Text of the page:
By the time the sun rose over Morrison Lake, we started back down trail. We passed by the glass like surface of the lake. No fish were raising quite yet and the two campers that sat at the water’s edge remained lifeless from the night before. We began to climb up a steep two track road before reaching a sandy green saddle. A pack of a dozen bull elk moved in unison away from us as we approached, stopping only once to look back at us before continuing on into the trees. We continued on down the trail into Leadore, but not without hiking through cow herd after cow herd after cow herd. We would pass by the cows that would startle at first sight of us, then we would pass by the ones that stood their ground causing us to pick up the pace and not turn our backs. Back and forth we danced with the cows, between superior and inferior, intimidating and passive. We followed the gravel road through a canyon with large rock walls extending on either side and the smell of manure warming up in the morning sun. We passed by a campground with people setting up for the upcoming eclipse. We even passed by a dead badger laying on the road lifeless yet still intimidating at the sight of his razor sharp claws.
Finally, the small town of Leadore, Idaho came into view nestled in the valley. Here began the never ending road walk into town. We will save you the mind numbing details and jump ahead to when we arrived outside of the Stage Stop market and wondered inside. Cool drinks and an extended version of your typical convenience mart. We were in heaven.
After grabbing a much desired Sprite and Gatorade, we started walking down the street towards The Leadore Inn, known to hikers as Sam’s house. Positioned on the highway facing porch looking out into the world from the familiarity and comfort of an office chair, a grey haired gentleman sat. Although he was seated, his height did not diminish. He was a big man but spoke gently. Tyke sat in a wooden chair joining Sam on the porch. We found out that there were no more rooms available but we were welcome to camp on his lawn. We also were pleasantly surprised to see our boxes sitting among towers of other resupply boxes. Camping sounded perfect and cheap. So we paid Sam five dollars for the night, five for showers, and five for laundry.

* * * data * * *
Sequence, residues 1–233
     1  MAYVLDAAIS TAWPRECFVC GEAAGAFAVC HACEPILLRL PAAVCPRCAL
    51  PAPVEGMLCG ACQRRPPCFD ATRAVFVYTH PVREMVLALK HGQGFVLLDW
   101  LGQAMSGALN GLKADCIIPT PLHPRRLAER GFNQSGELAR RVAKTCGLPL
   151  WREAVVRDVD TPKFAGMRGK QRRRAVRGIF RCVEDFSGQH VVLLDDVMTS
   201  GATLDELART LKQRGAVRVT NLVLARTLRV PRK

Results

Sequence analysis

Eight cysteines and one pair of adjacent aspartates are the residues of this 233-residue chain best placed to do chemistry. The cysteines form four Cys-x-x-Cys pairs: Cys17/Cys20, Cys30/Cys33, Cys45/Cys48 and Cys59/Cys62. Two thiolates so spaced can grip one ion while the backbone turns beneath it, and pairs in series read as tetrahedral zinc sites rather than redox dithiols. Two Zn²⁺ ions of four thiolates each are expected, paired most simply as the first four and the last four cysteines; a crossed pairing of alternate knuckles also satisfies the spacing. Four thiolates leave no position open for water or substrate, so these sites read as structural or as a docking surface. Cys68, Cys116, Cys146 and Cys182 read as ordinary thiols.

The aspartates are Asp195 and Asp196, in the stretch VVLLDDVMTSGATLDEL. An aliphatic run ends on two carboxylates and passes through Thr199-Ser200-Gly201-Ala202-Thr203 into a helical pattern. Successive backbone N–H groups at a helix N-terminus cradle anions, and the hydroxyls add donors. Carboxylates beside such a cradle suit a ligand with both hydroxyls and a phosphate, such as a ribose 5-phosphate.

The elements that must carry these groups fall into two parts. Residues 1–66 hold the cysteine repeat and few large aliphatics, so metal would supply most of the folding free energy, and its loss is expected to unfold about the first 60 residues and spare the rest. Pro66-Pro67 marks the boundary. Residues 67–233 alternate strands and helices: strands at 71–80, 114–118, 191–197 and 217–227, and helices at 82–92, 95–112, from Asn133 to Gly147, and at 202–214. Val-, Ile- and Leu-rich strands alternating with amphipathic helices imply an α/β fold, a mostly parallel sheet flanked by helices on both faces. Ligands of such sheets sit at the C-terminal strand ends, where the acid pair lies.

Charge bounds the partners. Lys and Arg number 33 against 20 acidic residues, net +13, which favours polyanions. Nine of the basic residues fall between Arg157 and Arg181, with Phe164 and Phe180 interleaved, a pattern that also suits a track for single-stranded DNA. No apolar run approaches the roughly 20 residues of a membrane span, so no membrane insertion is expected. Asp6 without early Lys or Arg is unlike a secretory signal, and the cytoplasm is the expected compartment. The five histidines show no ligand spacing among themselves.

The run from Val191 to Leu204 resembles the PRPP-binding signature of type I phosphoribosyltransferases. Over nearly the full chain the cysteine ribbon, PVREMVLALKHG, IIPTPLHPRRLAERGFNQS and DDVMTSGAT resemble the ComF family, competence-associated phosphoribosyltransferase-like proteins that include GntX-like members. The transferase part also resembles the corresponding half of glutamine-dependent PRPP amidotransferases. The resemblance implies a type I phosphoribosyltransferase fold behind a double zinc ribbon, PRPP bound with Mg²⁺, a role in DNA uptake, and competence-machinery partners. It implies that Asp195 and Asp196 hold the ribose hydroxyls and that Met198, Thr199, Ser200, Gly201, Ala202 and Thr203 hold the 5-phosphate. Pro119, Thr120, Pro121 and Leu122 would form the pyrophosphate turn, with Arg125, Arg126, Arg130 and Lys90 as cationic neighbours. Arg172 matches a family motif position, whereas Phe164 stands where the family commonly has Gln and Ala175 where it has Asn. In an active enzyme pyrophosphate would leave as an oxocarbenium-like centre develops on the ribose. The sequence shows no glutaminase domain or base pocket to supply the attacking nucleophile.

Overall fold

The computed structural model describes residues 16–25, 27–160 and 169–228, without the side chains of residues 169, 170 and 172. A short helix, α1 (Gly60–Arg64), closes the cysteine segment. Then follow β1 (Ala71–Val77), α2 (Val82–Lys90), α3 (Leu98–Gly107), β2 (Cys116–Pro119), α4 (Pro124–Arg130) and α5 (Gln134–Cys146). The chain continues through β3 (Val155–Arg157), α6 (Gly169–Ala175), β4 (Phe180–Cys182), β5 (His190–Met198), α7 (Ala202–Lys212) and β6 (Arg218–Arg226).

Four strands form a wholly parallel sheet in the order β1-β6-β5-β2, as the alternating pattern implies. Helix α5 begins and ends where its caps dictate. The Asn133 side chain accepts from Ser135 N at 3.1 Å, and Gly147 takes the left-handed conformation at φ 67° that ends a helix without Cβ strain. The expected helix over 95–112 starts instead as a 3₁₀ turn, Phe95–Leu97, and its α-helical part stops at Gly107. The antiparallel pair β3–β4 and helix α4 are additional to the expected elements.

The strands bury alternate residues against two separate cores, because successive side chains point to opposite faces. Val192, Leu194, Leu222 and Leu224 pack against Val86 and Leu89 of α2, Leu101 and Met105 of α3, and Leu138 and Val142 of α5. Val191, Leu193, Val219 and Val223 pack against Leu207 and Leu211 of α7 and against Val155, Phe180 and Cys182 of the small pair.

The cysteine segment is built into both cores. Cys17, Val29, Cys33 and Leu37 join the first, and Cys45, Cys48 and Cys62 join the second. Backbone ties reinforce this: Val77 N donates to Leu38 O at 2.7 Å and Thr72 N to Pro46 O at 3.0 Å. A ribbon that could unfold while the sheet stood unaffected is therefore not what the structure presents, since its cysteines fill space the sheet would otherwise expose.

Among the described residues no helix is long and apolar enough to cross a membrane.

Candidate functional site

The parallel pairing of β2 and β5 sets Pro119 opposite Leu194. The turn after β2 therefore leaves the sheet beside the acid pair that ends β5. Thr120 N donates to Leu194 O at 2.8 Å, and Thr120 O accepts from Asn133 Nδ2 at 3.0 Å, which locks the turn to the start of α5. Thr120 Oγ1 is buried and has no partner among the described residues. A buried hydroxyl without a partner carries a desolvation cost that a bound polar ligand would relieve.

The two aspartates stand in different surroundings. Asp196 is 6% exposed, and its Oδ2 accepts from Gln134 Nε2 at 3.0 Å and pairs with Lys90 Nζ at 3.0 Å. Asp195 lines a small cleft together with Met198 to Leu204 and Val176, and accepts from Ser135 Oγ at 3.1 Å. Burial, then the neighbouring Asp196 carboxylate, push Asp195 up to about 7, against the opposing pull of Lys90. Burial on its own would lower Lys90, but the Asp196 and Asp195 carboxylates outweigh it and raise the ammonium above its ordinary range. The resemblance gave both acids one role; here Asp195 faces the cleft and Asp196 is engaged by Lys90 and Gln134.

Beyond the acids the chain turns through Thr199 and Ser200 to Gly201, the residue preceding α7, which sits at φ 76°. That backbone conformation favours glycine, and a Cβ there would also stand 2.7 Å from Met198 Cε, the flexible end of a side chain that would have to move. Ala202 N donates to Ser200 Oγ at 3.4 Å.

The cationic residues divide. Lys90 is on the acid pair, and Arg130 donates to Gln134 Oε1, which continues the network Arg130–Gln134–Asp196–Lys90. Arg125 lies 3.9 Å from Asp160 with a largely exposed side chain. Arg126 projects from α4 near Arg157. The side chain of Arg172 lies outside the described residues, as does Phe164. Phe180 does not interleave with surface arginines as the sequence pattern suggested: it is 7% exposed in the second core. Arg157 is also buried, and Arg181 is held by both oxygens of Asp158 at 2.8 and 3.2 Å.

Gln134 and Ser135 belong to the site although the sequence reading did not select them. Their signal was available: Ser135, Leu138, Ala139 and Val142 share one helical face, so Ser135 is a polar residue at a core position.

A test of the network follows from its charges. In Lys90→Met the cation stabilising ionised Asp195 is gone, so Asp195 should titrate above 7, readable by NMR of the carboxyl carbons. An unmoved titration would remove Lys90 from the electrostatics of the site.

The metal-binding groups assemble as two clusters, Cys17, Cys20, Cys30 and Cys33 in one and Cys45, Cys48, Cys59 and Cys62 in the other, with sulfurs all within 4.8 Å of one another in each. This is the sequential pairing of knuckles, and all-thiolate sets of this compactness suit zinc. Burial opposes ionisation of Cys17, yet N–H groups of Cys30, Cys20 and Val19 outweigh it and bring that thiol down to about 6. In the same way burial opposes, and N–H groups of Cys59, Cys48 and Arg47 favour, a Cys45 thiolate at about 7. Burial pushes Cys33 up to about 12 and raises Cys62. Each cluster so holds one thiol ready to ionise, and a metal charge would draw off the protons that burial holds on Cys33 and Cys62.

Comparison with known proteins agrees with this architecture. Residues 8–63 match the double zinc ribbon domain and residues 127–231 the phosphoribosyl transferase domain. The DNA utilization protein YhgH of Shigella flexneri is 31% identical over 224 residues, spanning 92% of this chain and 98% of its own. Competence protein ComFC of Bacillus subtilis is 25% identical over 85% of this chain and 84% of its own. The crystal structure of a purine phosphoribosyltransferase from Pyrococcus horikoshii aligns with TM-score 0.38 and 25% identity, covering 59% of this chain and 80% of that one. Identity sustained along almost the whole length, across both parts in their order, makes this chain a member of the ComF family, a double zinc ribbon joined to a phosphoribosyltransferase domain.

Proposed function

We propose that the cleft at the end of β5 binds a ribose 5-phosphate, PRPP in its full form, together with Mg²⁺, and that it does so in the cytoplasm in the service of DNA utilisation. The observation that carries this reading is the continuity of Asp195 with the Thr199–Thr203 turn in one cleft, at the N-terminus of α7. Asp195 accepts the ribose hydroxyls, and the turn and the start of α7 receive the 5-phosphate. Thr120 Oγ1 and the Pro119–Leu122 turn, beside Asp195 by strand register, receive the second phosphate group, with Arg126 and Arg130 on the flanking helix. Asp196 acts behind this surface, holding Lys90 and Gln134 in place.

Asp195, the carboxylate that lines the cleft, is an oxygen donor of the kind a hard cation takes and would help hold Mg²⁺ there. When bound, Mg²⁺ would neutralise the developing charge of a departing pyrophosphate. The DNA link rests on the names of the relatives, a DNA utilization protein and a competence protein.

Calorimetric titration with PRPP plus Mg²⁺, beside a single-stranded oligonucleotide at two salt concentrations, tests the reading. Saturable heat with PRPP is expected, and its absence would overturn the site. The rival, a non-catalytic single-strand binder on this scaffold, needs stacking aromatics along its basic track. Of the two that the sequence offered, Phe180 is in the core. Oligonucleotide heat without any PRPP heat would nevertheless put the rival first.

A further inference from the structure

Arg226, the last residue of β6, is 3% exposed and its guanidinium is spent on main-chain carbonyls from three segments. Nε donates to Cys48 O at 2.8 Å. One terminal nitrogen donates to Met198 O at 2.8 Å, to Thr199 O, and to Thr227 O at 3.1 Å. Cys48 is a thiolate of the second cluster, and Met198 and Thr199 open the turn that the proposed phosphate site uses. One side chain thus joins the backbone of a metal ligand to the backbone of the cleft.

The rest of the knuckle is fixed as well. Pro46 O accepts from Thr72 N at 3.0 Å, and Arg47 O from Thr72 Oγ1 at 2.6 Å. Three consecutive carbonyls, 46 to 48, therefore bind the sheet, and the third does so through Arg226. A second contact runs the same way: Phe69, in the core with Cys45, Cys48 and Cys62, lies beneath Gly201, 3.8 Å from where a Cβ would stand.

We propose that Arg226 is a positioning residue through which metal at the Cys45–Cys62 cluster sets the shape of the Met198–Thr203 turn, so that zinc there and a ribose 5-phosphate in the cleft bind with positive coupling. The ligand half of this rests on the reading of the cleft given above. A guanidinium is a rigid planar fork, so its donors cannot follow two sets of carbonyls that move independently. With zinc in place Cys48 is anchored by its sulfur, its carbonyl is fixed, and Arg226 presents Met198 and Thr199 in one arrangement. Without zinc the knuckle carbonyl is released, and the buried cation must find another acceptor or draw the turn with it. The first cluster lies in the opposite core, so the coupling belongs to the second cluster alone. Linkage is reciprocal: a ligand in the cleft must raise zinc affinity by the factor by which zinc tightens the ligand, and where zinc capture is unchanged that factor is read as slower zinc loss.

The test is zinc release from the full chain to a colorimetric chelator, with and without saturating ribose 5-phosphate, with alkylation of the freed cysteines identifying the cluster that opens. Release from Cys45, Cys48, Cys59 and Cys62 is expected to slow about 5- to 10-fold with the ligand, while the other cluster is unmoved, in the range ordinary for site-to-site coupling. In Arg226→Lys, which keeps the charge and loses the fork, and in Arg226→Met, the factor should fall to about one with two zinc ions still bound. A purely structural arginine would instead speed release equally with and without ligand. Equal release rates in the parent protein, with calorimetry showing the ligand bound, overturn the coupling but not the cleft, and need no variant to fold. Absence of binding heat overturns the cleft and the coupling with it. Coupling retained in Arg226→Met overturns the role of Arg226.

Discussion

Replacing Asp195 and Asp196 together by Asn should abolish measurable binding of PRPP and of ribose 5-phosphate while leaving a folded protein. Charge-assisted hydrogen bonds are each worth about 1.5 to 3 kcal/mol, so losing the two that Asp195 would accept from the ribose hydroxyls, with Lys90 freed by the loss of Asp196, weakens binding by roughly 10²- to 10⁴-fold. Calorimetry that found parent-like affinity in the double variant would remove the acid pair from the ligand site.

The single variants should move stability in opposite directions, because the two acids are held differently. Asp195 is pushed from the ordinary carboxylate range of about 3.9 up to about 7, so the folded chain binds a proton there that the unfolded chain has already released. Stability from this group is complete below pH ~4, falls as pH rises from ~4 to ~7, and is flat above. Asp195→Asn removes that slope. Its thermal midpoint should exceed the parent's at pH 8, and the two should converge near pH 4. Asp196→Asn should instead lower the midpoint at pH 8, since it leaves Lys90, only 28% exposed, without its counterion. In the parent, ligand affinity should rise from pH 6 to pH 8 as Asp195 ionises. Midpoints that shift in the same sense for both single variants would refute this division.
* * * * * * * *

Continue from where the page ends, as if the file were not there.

Before showers and laundry, we decided to find some food before the grumpiness creeped in (it may have been too late for Critter). We looked at our options. In a town of one restaurant, it was certainly a tough decision. We only took but a second or two to process our next move before we began to walk down to the Silver Dollar Cafe.
When we arrived at the front door, we left the bright, washed out tones of the cradle of the valley and entered into a dark, musk. As the door shut behind us, whilst our eyes adjusted, a small women stomped past us and out the door, yelling over her shoulder, “I have to run an errand. Grab a menu and sit down!”
The door slammed shut once again. With no luck of finding a menu, we just took a seat at a table. A healthy amount of time passed as we took in the family-owned decor and grew hungrier and hungrier. Signs that were scattered around the room taught us that we probably should not make any modifications to whatever we did decide to order. Finally, a younger woman came up to us dropping menus down in front of us and two glasses of water.